Migrants and students have become scapegoats of the UK election

The problem arises if Labour, expected to win, runs with the Conservative party's poor immigration policy proposals

An inflatable dinghy carrying migrants crosses the English Channel in March. Getty Images
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English barber shops have a reputation that right wingers would like to make a feature of the UK general election on July 4.

In a country where the cost of living has shattered the governing Conservative party’s claims to competence, male hairdressing is cheap and has resisted integration with the digital economy. In other words, “cash only” is the key to its low-cost model.

But the anti-immigrant Reform UK party has questioned if these barbers are the gatekeepers of illegal migration. It asks if they are laundering dirty cash alongside the legitimate takings and exploiting low-skilled men who have entered the country from the Middle East and the Balkans.

It is a vignette that is telling about the opening phase of the election. A pivot to migration is overdue from a Conservative party that has so far rolled out its policies to woo older voters.

Prime Minister Rishi Sunak faces his first TV debate head-to-head against Labour party leader Keir Starmer on Tuesday, and he can be expected to press his “tough on migration” dividing lines against the frontrunner. This is, in particular, the policy of shipping people to Rwanda that’s been described as “so tough it’s insane”.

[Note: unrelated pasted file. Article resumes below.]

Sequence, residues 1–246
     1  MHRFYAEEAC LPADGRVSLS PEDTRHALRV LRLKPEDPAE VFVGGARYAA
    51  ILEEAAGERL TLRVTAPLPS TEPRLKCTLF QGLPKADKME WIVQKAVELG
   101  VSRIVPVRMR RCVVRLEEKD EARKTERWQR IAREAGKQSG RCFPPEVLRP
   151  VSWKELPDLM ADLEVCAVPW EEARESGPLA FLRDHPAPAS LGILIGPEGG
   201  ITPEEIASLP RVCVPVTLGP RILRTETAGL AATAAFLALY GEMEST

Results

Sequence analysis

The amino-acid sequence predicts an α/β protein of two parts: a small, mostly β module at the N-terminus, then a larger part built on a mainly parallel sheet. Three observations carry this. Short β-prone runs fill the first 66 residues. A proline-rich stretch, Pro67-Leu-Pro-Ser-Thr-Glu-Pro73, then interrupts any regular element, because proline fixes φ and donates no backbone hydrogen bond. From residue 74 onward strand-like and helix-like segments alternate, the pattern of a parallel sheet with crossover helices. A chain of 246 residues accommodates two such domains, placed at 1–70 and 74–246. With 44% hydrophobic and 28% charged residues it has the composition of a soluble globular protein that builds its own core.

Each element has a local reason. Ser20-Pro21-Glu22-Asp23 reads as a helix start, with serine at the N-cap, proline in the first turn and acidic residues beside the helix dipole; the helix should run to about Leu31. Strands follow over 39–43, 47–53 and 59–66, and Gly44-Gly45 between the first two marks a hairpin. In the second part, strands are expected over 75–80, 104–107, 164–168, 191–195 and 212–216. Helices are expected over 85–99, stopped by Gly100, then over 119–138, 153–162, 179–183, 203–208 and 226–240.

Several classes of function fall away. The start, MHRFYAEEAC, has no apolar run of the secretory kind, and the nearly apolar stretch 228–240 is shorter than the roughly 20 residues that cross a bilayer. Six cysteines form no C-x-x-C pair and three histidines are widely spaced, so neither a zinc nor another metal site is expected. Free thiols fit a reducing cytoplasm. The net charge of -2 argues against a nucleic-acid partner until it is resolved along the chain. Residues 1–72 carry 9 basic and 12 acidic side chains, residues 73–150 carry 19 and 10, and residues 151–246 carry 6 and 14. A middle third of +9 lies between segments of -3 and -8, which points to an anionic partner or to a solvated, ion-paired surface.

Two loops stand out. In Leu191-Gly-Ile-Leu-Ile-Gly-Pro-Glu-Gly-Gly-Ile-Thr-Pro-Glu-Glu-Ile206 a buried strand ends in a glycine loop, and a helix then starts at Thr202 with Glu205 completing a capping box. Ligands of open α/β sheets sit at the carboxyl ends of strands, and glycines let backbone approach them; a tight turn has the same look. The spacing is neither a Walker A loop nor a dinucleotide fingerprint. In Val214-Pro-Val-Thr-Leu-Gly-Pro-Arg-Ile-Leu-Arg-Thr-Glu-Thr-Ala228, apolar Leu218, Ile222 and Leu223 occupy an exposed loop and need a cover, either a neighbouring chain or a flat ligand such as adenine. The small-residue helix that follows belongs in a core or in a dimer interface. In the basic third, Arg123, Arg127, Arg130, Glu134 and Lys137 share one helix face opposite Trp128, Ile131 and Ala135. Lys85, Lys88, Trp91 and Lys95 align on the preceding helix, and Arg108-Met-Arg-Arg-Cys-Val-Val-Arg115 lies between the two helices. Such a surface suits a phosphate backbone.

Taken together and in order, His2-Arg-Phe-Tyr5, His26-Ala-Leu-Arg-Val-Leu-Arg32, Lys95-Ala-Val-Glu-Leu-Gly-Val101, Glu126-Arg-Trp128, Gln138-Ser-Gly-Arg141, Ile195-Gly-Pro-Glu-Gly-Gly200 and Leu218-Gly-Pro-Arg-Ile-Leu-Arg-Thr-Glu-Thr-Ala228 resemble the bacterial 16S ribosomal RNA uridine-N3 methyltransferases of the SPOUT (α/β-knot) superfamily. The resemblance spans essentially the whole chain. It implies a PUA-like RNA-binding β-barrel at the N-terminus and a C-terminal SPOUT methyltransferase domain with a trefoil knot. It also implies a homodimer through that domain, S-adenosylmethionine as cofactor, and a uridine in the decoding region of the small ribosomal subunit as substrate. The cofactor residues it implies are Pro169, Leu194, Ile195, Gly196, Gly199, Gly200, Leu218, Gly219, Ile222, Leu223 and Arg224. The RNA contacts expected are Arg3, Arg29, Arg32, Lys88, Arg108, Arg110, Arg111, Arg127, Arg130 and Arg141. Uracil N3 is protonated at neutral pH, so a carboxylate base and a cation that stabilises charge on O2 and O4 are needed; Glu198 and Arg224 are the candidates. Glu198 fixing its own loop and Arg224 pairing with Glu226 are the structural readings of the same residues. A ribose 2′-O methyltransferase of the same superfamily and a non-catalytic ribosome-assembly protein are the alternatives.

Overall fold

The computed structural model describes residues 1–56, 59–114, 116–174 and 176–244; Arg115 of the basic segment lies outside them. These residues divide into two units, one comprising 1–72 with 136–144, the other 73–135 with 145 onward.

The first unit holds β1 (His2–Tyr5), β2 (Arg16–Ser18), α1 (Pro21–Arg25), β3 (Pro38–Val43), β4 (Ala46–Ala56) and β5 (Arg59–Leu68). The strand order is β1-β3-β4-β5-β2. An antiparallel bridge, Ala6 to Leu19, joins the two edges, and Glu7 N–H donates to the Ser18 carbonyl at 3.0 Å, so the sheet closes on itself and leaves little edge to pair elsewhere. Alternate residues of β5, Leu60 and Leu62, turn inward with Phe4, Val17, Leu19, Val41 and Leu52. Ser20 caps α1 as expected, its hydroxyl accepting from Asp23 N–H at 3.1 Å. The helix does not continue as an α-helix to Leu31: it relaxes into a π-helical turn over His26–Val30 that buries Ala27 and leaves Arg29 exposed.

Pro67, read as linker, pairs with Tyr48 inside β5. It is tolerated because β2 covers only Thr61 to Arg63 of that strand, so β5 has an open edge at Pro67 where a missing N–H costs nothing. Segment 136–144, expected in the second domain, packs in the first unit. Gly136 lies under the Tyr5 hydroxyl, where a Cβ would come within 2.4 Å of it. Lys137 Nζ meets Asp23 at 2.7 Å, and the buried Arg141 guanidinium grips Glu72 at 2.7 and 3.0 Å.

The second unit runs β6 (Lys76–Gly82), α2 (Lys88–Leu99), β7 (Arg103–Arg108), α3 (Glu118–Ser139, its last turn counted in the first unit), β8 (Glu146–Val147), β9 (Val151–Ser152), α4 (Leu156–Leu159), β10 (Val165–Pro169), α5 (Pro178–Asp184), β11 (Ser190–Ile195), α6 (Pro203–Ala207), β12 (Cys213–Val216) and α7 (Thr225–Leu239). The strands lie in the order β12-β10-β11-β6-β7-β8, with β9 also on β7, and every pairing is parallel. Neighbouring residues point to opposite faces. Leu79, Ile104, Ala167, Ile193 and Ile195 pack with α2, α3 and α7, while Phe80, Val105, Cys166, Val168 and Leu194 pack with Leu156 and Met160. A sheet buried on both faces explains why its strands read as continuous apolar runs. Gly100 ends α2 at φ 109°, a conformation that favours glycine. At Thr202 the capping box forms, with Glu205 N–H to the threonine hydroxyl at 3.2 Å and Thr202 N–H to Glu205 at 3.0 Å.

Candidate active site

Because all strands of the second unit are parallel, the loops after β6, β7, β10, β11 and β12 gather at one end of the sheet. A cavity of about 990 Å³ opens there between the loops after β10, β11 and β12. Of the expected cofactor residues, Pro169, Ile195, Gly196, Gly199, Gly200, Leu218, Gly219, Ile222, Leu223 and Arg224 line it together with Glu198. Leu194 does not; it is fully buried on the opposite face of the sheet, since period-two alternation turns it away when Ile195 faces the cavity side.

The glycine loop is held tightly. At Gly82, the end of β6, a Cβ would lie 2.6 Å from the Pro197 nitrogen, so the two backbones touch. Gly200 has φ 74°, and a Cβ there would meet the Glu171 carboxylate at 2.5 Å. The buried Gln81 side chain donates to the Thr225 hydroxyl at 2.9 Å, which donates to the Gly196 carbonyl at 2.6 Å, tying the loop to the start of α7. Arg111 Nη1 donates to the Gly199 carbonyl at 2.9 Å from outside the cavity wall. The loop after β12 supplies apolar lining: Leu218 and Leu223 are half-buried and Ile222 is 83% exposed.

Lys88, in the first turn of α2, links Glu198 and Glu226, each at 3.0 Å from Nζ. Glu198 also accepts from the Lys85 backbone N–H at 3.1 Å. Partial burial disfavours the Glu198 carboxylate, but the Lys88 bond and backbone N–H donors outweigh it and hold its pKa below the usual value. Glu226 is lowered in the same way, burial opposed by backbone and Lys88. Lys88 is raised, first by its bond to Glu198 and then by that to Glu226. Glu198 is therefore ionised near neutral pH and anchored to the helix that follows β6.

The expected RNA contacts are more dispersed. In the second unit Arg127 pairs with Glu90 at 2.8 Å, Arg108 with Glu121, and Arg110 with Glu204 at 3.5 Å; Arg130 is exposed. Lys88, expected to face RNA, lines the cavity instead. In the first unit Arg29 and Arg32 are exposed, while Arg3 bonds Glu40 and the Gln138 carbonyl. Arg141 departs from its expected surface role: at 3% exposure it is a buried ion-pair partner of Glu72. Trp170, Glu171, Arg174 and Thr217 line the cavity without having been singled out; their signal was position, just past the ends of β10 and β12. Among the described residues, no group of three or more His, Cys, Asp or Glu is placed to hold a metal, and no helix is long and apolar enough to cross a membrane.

Illegal migration to the UK has been made a category of crime that disbars the guilty from the asylum process. This is a tactic that speeds up deportation for arrivals, as well as a grievous blow against the international law on refugees’ right to a safe haven.

That Farage is now taking on the barbers is a pointer to what’s next on the fraught issues

Mr Sunak is troubled politically by the tens of thousands arriving in the UK, particularly the symbolic sight of scores packed on flimsy dinghies being rescued and brought into the harbour of Dover on the English Channel every day.

Everything about those scenes undermines the Conservative vision of an exceptional island that has held its national frontiers at Dover for more than a millennium.

Nigel Farage, the honorary president of Reform UK, claims to have seized on the Dover issue early and his YouTube commentaries against the backdrop of the arriving boats did stir the government into action.

That he is now taking on the barbers is a pointer to what’s next on the fraught issue. Hence Mr Sunak’s prime card in the election is the extraordinary effort the UK has mounted to send hundreds of these people to central Africa, where their claims will reportedly be processed for a safe haven status there.

Mr Starmer’s refusal to engage with the drastic nature of the Rwanda option is something that the Conservatives hope to exploit.

A former prosecutor, Mr Starmer has highlighted the corruption behind the migration flows and wants to go after the gang masters. It is a dry argument that may not resonate as much with large sections of the electorate. On the other hand, the polls have barely shifted, so Mr Starmer can sit tight.